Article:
Many owners love the center-of-their-universe role because it makes them feel essential, needed, etc. If the owner has a sizable ego (and just about all successful entrepreneurs do) there are few professional scenarios that can feed that ego better than this arrangement. We've observed a number of companies set up where the owner would choose to even sacrifice revenue & profit maximization to retain his or her place as THE crucial player at their company. They often consciously or unconsciously choose to feed their egos over growing their businesses beyond what they can personally manage.
However, in spite of how well that arrangement can seem to work- even over many years- it is an enormous liability when trying to sell the business to someone else. That culture is usually staffed by managers- executives included- who have little choice but to defer to "the boss" for all decision-making. More simply, the owner of that kind of company is often an owner of a business of followers. Chop off the head and the body won't be able to function very well... if at all. To a prospective buyer, this kind of business is loaded with risk because the owner's departure may kill a business unable to stand on its own. This can make the buyer discount your team- including whether they should even keep them as employees after the sale. If you were the buyer, how excited would you be to make a generous offer for that business? If you could discount the ambiguous value of the team, there's little left to influence your offer price but mostly depreciating assets. Allow the sacrifice the team productivity premium and you'll almost certainly end up getting offers below your most modest expectations.
Some owners who have fostered this kind of environment will try to spin prospective buyers into believing that they've long been grooming their replacement. But buyers see right through that spin. The buyer's risk is not in replacing one, lone head with another... it's in the relative strength of the whole (team) who will remain after you leave. A company overly dependent on just a few people- or just one- is a company ready to die should anything happen to those few people or that one. If you've groomed your replacement in an owner-centric enterprise, your buyer would have to take a great leap of faith that that replacement can actually do the whole job when you leave and that your replacement won't quit, die, over-exploit the importance of them remaining with the company, etc. Such risks- real or perceived- adversely slice into the buyer's offer price flexibility. They don't want to pay maximum price AND be required to take such leaps of faith. You mitigate those leaps by installing a planning culture ahead of the sale.
Delegating away all of the fundamental tasks crucial to continuing to maintain & grow a business makes the whole self-sufficient... a company that can continue to prosper long after the founder or owner has departed. It's what the owner should do anyway as most owners would prefer that their baby can live on beyond their retirement... if not for their own legacy, then for the good people they employ (who will appreciate getting to continue to have their jobs after the sale). Spreading those crucial responsibilities around to your team is viewed as diversifying risk for your buyer. Odds improve that the business can thrive after you depart and the new owner doesn't have to worry about any one (or few) players owning too many of the keys that drive ongoing success.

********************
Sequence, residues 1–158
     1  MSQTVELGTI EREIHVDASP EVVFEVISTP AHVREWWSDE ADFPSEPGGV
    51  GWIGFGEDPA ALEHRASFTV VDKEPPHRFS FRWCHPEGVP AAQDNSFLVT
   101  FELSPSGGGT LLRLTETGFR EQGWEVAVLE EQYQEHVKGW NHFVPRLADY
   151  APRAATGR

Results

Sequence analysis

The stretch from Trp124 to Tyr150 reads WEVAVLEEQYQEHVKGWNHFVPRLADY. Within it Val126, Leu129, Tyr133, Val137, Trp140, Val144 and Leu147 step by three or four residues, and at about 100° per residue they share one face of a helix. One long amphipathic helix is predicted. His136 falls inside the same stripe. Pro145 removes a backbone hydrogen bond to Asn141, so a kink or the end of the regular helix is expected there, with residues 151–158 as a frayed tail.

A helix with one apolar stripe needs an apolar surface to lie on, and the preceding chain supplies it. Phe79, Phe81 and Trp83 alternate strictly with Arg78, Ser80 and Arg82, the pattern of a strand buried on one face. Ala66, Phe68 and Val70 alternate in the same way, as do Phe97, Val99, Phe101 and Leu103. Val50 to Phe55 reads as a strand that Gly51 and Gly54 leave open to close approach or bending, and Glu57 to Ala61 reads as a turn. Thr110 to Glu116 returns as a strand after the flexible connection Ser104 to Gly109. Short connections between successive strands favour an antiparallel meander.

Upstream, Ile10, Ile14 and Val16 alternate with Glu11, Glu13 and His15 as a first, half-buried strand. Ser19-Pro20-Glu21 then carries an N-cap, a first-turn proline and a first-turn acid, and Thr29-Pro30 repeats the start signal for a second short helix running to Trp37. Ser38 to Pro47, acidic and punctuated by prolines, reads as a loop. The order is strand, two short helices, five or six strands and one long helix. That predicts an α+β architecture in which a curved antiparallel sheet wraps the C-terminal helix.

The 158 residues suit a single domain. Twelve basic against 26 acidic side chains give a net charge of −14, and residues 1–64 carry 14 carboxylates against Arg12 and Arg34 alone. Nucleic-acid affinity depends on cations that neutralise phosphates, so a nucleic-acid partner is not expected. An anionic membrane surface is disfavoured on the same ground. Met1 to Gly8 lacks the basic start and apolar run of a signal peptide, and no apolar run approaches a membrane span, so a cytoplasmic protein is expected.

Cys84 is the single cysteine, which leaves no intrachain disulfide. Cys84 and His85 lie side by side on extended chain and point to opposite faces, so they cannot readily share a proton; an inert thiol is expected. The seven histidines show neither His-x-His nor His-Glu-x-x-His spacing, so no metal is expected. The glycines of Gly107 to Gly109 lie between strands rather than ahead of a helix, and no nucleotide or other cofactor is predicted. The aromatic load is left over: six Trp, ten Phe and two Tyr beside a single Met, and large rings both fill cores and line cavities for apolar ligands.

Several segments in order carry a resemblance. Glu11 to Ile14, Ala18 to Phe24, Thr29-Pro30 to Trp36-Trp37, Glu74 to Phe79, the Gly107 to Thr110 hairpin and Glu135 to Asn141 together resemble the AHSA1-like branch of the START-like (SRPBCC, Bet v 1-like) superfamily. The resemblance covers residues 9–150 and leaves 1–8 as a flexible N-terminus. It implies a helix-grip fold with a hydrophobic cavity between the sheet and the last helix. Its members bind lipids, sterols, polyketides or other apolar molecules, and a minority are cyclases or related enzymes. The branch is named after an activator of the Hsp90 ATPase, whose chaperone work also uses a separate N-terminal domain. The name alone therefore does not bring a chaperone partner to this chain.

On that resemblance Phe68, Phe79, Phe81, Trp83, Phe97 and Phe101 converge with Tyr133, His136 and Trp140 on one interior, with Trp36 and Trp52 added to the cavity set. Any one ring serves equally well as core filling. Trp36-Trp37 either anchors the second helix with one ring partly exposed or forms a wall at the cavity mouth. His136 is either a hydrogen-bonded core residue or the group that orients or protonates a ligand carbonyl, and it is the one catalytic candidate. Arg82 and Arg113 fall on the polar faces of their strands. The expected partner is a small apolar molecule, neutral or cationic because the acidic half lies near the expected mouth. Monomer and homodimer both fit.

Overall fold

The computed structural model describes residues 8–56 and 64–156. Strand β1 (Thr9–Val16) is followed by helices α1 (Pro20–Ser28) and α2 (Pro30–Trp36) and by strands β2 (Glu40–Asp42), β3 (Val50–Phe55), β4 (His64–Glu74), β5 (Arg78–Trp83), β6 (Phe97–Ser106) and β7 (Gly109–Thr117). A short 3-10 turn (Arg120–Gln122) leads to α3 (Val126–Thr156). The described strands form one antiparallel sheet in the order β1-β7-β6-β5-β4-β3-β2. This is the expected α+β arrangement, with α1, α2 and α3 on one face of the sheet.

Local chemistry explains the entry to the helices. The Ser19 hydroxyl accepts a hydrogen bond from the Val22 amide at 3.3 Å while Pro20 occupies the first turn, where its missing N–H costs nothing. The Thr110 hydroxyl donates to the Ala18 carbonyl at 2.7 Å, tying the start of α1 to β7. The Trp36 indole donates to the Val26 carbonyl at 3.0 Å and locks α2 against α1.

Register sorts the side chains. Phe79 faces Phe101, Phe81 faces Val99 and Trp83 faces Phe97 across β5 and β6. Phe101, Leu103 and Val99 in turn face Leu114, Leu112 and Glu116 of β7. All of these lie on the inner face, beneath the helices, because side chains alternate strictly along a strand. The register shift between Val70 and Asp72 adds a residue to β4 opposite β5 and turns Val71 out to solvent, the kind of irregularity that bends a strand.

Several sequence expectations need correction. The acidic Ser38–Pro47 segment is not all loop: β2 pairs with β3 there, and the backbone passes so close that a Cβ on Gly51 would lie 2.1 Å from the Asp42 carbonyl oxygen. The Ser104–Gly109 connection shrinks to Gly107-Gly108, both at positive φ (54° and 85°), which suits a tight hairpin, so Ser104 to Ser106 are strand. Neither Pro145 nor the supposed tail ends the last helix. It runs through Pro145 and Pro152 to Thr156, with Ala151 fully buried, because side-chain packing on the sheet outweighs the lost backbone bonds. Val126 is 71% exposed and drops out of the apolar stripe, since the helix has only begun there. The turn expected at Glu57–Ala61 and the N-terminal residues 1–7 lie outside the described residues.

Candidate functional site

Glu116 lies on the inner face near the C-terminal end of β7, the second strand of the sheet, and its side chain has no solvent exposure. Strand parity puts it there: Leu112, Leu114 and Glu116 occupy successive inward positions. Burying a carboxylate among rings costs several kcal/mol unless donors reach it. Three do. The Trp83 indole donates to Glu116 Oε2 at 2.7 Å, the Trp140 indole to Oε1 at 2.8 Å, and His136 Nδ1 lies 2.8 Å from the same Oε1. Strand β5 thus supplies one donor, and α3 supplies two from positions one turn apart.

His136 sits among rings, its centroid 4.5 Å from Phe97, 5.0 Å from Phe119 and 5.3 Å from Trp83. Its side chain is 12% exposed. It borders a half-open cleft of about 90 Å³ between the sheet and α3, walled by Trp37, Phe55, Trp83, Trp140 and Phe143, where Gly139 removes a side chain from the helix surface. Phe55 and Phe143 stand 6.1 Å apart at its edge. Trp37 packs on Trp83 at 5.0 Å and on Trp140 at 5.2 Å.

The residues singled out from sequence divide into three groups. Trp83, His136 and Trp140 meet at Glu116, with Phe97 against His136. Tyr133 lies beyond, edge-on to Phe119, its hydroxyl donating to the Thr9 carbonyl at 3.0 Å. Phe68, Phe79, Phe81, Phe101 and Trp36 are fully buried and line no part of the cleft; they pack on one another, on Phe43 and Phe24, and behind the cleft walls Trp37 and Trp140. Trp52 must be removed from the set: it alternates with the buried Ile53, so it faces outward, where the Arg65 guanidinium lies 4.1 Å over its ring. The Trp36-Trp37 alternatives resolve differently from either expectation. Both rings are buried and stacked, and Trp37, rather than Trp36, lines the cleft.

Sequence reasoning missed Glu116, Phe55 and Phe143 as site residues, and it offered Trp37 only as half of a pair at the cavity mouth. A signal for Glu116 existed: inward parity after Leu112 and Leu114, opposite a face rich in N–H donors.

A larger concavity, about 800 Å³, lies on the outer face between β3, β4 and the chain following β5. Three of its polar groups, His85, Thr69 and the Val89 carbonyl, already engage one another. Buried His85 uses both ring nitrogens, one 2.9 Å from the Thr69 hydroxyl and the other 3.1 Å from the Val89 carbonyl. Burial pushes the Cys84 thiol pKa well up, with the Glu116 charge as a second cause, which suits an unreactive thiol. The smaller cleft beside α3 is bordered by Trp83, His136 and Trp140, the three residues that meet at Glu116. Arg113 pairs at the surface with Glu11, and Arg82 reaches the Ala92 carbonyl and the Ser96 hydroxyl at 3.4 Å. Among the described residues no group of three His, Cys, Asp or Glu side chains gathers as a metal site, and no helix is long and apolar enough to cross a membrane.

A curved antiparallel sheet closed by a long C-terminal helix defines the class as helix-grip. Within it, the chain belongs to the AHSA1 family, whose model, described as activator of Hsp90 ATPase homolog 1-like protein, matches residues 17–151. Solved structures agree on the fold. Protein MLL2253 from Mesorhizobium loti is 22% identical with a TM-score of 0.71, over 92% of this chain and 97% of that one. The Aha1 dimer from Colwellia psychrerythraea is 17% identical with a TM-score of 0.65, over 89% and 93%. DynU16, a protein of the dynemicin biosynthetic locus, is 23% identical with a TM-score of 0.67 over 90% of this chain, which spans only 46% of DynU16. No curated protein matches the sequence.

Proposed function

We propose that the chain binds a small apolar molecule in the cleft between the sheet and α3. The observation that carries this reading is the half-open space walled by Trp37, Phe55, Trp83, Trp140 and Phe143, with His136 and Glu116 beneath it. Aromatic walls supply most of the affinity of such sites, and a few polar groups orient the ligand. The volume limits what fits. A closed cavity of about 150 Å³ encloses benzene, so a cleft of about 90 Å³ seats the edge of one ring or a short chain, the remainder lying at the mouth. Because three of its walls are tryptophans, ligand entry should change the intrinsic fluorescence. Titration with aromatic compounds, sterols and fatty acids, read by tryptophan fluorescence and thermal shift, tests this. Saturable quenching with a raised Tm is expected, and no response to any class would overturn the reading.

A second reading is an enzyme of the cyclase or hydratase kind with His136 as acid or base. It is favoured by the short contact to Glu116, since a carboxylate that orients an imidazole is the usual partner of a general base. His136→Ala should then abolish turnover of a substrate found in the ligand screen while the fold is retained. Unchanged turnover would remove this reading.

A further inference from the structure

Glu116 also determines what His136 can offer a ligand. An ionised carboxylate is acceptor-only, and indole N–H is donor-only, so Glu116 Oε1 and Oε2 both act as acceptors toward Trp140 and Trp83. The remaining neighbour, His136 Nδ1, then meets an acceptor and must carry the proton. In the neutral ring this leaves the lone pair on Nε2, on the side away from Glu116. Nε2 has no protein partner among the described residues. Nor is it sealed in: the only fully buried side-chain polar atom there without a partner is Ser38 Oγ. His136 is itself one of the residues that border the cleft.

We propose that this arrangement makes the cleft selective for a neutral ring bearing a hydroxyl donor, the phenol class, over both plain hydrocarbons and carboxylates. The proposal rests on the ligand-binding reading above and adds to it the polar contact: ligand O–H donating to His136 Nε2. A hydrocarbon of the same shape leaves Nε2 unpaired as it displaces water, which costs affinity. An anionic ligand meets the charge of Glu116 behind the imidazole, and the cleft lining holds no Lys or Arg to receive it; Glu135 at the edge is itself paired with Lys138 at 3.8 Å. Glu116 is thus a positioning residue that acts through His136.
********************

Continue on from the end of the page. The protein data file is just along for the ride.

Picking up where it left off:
Some ego-driven founders or owners typically detest the idea of delegating their crucial contributions because they either believe that only THEY can do the things they do... or they can't bear the idea of eroding company dependencies on themselves (even if it is by design... to help drive the business sell premium higher). Yet it is exactly what the owner wanting to sell in the next few years should do if they want to maximize their take from the transaction.
Go into the selling process with no planning culture and you definitely will NOT get maximum offers for your company (to the contrary, such owners are always disappointed with what the market is willing to pay for their business). Buyers are just like investors- they love confidence & risk reduction. They want to see that their hard-earned money has a very favorable chance of being returned with a great profit... at the least possible risk. Demonstrate a solid planning culture over a few years PRIOR to when you want to sell your company and your plan projections for the years AFTER the sale will carry great weight with buyers. Make your team into a self-sufficient machine that no longer depends on your personal contributions and the ambiguous value they collectively support works to your benefit in negotiations. The result is much more favorable pricing.